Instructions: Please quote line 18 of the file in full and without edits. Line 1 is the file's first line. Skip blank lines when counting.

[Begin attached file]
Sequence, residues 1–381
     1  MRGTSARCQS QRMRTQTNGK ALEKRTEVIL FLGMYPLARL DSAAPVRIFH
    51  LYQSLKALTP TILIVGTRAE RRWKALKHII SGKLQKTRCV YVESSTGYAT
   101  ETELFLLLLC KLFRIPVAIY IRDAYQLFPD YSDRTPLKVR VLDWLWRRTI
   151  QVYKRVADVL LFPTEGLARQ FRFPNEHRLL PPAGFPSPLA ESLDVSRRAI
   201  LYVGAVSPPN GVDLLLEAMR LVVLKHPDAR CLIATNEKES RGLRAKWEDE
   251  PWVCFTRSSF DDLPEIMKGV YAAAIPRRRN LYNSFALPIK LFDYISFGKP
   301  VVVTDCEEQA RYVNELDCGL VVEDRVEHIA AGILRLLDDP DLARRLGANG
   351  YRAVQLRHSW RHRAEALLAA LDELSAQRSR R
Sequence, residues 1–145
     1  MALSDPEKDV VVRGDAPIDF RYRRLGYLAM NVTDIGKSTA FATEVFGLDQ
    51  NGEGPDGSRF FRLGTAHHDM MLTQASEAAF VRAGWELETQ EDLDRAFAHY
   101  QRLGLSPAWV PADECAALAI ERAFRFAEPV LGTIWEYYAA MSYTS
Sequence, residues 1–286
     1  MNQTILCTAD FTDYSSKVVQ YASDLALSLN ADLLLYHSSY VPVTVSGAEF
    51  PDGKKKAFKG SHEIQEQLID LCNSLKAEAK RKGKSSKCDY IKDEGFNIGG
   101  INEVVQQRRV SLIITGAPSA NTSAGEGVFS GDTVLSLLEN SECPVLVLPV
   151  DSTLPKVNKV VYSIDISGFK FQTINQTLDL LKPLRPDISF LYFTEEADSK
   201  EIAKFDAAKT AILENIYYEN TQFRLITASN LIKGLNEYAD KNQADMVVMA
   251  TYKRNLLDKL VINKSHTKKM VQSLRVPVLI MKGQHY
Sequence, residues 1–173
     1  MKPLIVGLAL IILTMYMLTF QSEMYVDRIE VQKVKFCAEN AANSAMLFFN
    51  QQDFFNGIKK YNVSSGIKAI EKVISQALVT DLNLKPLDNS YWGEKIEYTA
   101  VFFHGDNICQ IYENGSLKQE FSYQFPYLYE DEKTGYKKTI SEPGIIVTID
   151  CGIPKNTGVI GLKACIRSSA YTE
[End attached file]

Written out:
   151  DSTLPKVNKV VYSIDISGFK FQTINQTLDL LKPLRPDISF LYFTEEADSK